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Wrestling with Warnock Round 51

From “Feast of Tabernacles,” Chapter 8- Tabernacles – The Feast of Unity, continued


It is because such a measure of unity and harmony is so positively beyond us, and almost inconceivable, that men refuse to believe it is possible. And of course, it is impossible. But with God “all things are possible.” Let us not limit the Holy One of Israel. For God has established a sure and a certain means by which this inexpressible unity is going to be brought into being, even the ministries of “apostles, …prophets, …evangelists, …pastors, …teachers.” These are given, we are told, “For the perfecting of the saints, for the work of the ministry,…” Step by step the work is brought to pass: the ministries perfect the saints, and they in turn are empowered “for the work of the ministry, for the edifying of the body of Christ; till we all come in the unity of the faith, and of the knowledge of the Son of God, unto a perfect man, unto the measure of the stature of the fulness of Christ” (Eph. 4:13). Thank God the hour is at hand when this glorious unity for which Christ prayed, and for which He ascended on high and bestowed gifts unto men, is about to be manifested. Ministries are being raised up and established in the Body of Christ–and these constitute Christ’s love-gift to the Church for their perfection. Will they bring this unity to pass? To doubt it is to doubt God’s Word. It is not a case of rejecting man, because of his faults and failures; but to reject the God-ordained ministry is to reject God who gave him. Many would much rather prefer to perfect themselves through prayer, fasting, reading the Word, and so forth. These, of course, all have their place, and will do much to prepare the heart and soul. But in themselves they will not produce this perfection. God has ordained ministries in the Body by which this perfection shall come to pass. To refuse the ministries, then, is to say to Christ: “I don’t need your Ascension Gifts. I prefer to be perfected some other way.”


The sincere saints of God are being subjected to a great test; of that there is no question. For they are being called upon to receive God’s ministers on the one hand, and to refuse the false minister on the other hand. And in this great hour when God is establishing His ministries in the Body of Christ, Satan is likewise sending forth His ministers of light; and we must learn to discern the true from the false. Truly the saints are like the multitudes over whom Christ yearned in the days of His earthly ministry–for He beheld them as sheep having no shepherd. Yes, there were Scribes and Pharisees and Sadducees, men who loved to wear the garb of religion, and say long prayers, and receive greetings in the marketplace, and to be called “Father,” and receive the applause of men. But there were no true shepherds. Even Paul in his day was forced to testify: “For all seek their own, not the things which are Jesus Christ’s” (Phil. 2:21). It is therefore with the greatest concern and tenderness that the Holy Spirit doth now raise up true ministers in the Body of Christ to establish the saints, and to lead them in the path of righteousness. And though it might be difficult for us to discern the true from the false, if we will pay good heed to God’s Word, and the pattern of the true minister as outlined therein, we shall not go astray. Here are a few ways and means by which we shall be able to discern the true from the false: GHW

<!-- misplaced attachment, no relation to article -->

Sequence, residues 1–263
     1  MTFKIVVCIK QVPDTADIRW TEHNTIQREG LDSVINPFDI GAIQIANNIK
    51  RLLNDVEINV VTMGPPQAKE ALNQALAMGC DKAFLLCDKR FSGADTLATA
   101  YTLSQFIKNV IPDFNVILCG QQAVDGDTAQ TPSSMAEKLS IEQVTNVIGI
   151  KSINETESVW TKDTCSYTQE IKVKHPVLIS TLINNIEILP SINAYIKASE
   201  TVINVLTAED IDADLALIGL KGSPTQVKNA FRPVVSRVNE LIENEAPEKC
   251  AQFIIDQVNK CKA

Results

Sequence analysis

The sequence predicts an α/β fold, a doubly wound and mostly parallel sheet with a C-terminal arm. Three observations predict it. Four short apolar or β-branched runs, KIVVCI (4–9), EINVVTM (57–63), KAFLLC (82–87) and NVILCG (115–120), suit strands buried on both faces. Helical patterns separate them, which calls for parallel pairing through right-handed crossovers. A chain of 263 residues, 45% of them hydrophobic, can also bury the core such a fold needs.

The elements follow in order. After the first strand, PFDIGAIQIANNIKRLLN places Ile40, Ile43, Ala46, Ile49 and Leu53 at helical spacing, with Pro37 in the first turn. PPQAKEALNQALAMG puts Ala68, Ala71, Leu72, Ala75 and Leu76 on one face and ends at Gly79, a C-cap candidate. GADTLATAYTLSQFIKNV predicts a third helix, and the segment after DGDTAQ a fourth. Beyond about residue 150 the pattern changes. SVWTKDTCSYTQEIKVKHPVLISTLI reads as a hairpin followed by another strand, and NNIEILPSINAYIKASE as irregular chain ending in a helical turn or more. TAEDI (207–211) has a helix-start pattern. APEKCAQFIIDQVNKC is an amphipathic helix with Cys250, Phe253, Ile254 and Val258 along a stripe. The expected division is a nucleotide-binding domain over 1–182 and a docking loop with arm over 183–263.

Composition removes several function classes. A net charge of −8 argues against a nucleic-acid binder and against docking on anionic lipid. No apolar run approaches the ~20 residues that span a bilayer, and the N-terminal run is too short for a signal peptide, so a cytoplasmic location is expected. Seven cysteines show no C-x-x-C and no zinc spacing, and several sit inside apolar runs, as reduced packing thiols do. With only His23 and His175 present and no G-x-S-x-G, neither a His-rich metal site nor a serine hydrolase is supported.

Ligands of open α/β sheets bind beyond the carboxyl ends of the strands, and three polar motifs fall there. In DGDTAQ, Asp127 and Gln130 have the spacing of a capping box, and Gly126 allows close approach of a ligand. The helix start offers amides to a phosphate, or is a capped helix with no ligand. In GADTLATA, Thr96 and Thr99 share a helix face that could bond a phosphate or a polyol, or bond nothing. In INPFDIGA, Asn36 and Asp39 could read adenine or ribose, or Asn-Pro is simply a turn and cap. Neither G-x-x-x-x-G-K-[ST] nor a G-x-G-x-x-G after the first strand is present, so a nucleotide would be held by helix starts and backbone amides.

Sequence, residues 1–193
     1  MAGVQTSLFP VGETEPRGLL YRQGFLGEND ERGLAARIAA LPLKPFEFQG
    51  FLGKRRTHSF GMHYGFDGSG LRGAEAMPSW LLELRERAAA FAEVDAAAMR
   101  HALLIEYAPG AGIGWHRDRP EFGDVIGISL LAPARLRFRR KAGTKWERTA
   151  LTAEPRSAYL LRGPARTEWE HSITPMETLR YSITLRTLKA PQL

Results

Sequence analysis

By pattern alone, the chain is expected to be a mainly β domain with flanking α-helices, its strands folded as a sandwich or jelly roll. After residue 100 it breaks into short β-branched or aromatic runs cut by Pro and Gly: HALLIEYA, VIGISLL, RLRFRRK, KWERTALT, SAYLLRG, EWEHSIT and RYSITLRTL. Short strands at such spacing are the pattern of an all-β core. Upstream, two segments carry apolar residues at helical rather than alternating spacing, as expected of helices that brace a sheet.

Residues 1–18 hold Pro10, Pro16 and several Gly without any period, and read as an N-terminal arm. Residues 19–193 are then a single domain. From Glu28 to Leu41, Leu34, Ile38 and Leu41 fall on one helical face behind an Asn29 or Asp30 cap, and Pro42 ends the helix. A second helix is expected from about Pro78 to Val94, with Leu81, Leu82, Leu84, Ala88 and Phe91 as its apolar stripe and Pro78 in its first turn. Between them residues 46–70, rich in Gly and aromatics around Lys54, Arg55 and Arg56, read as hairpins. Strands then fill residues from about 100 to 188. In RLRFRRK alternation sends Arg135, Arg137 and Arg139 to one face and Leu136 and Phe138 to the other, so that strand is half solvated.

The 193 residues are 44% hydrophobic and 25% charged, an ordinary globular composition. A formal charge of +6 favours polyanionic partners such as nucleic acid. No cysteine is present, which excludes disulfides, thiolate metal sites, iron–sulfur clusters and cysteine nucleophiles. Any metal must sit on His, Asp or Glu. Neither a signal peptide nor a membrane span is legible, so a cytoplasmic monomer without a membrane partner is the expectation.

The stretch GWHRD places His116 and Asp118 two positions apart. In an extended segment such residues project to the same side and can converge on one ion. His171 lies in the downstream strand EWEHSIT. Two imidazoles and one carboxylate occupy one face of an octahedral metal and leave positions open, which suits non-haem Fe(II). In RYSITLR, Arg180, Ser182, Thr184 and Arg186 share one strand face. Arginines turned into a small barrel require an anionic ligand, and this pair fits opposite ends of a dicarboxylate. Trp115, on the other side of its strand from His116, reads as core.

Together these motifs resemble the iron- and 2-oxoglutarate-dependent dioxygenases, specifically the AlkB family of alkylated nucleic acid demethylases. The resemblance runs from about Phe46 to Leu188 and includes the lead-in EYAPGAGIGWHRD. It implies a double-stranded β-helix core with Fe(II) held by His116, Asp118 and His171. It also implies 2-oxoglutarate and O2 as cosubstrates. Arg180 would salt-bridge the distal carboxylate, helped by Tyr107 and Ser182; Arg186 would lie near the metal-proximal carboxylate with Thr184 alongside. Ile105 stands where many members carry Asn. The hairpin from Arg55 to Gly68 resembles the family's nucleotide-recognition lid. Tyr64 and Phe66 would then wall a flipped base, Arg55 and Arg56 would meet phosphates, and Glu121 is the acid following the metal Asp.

The five-fold ministry continues to be one of ignorance, at best, and suspect, at worst, in the Body of Christ. People either know nothing of its existence or know just enough to be weary of it. The apostle Paul says some things in 1 Corinthians 12 that explain God’s design and intention for the body.

14 For the body is not one part, but many. 15 If the foot says, “Because I am not a hand, I am not a part of the body,” it is not for this reason any less a part of the body. 16 And if the ear says, “Because I am not an eye, I am not a part of the body,” it is not for this reason any less a part of the body. 17 If the whole body were an eye, where would the hearing be? If the whole body were hearing, where would the sense of smell be? 18 But now God has arranged the parts, each one of them in the body, just as He desired. 19 If they were all one part, where would the body be? 20 But now there are many parts, but one body. 21 And the eye cannot say to the hand, “I have no need of you”; or again, the head to the feet, “I have no need of you.” 22 On the contrary, it is much truer that the parts of the body which seem to be weaker are necessary; 23 and those parts of the body which we consider less honorable, on these we bestow greater honor, and our less presentable parts become much more presentable, 24 whereas our more presentable parts have no need of it. But God has so composed the body, giving more abundant honor to that part which lacked, 25 so that there may be no division in the body, but that the parts may have the same care for one another. 26 And if one part of the body suffers, all the parts suffer with it; if a part is honored, all the parts rejoice with it. (1 Cor. 12:14-26 NASB)


Published by doctorpaddy

An ordained minister, Christian communicator, and educator.

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